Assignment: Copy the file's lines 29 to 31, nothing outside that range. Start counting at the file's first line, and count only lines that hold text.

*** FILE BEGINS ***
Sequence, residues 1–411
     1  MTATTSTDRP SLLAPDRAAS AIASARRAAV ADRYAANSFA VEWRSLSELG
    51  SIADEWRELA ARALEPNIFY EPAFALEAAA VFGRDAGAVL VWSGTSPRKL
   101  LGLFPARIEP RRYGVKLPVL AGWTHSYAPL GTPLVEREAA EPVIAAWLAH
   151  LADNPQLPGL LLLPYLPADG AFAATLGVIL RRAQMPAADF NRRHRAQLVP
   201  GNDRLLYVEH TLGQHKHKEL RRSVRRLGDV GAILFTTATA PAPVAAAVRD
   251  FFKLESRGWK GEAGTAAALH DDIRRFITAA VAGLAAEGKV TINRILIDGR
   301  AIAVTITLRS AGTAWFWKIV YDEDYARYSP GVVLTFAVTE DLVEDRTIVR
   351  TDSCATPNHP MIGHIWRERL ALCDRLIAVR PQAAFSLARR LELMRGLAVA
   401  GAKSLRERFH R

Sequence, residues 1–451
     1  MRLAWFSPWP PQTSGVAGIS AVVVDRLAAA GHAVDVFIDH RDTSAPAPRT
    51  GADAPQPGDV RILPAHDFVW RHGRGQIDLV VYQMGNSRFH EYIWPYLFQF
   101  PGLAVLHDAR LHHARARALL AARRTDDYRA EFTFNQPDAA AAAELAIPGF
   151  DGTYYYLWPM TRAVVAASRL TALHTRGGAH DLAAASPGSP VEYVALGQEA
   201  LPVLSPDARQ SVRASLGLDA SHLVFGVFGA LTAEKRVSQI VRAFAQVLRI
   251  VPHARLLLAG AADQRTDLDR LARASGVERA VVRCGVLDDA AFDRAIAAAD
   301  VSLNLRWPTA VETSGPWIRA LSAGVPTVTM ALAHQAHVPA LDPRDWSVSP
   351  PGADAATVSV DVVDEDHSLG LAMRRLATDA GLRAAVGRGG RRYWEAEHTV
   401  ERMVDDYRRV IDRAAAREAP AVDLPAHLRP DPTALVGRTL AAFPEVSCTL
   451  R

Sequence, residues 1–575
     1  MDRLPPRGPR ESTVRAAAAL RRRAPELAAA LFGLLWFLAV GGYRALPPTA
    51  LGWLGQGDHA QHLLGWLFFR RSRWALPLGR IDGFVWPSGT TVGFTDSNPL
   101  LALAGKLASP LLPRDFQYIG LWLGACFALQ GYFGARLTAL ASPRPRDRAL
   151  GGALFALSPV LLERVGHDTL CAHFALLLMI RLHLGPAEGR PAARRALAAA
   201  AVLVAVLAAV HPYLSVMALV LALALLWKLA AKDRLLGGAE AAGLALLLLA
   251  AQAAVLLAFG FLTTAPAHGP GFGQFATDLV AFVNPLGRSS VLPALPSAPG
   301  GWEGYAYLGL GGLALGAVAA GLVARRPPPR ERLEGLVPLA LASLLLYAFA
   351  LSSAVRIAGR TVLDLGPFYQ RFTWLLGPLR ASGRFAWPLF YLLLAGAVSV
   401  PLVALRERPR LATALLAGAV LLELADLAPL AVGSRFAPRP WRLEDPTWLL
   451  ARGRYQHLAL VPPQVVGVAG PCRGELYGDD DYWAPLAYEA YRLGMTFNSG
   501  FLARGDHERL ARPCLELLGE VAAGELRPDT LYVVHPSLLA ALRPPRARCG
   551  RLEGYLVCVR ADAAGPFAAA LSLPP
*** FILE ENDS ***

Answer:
   301  GWEGYAYLGL GGLALGAVAA GLVARRPPPR ERLEGLVPLA LASLLLYAFA
   351  LSSAVRIAGR TVLDLGPFYQ RFTWLLGPLR ASGRFAWPLF YLLLAGAVSV
   401  PLVALRERPR LATALLAGAV LLELADLAPL AVGSRFAPRP WRLEDPTWLL